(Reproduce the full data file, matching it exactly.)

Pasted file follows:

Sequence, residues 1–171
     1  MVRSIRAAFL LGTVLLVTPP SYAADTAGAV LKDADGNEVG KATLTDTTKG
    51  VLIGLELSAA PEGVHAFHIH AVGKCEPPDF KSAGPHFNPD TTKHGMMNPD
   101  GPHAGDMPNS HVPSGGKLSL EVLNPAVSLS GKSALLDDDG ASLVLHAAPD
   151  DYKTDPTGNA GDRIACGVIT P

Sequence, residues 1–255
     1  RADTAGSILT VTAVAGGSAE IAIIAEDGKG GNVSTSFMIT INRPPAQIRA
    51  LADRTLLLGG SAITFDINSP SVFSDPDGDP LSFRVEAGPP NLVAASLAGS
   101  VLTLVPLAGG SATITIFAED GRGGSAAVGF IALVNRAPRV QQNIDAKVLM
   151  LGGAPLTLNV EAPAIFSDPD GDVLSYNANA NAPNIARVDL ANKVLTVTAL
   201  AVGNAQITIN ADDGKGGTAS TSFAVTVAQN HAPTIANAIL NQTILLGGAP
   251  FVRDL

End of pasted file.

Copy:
Sequence, residues 1–171
     1  MVRSIRAAFL LGTVLLVTPP SYAADTAGAV LKDADGNEVG KATLTDTTKG
    51  VLIGLELSAA PEGVHAFHIH AVGKCEPPDF KSAGPHFNPD TTKHGMMNPD
   101  GPHAGDMPNS HVPSGGKLSL EVLNPAVSLS GKSALLDDDG ASLVLHAAPD
   151  DYKTDPTGNA GDRIACGVIT P

Sequence, residues 1–255
     1  RADTAGSILT VTAVAGGSAE IAIIAEDGKG GNVSTSFMIT INRPPAQIRA
    51  LADRTLLLGG SAITFDINSP SVFSDPDGDP LSFRVEAGPP NLVAASLAGS
   101  VLTLVPLAGG SATITIFAED GRGGSAAVGF IALVNRAPRV QQNIDAKVLM
   151  LGGAPLTLNV EAPAIFSDPD GDVLSYNANA NAPNIARVDL ANKVLTVTAL
   201  AVGNAQITIN ADDGKGGTAS TSFAVTVAQN HAPTIANAIL NQTILLGGAP
   251  FVRDL